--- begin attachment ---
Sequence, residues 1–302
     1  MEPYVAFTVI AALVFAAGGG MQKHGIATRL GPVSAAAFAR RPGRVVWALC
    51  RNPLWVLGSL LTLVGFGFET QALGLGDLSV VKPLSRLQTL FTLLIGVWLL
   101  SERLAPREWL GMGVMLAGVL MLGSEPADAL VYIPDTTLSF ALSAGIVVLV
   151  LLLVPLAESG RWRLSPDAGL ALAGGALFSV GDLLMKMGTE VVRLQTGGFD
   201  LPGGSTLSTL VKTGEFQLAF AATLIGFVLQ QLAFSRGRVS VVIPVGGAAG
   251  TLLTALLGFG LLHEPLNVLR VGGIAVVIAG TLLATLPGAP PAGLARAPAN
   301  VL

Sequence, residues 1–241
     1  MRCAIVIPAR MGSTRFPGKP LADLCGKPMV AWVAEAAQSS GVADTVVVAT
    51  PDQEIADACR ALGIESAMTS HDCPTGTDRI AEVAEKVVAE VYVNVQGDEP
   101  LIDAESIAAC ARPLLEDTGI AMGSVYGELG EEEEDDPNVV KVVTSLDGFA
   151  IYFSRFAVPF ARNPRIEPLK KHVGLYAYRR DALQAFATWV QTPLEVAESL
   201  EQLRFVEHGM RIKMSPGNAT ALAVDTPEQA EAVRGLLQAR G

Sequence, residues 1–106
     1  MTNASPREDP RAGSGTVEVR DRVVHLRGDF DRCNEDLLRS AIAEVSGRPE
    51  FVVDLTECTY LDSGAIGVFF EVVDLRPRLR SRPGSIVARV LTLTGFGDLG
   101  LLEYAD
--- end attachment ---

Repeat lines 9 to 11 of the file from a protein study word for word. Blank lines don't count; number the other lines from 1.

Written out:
Sequence, residues 1–241
     1  MRCAIVIPAR MGSTRFPGKP LADLCGKPMV AWVAEAAQSS GVADTVVVAT
    51  PDQEIADACR ALGIESAMTS HDCPTGTDRI AEVAEKVVAE VYVNVQGDEP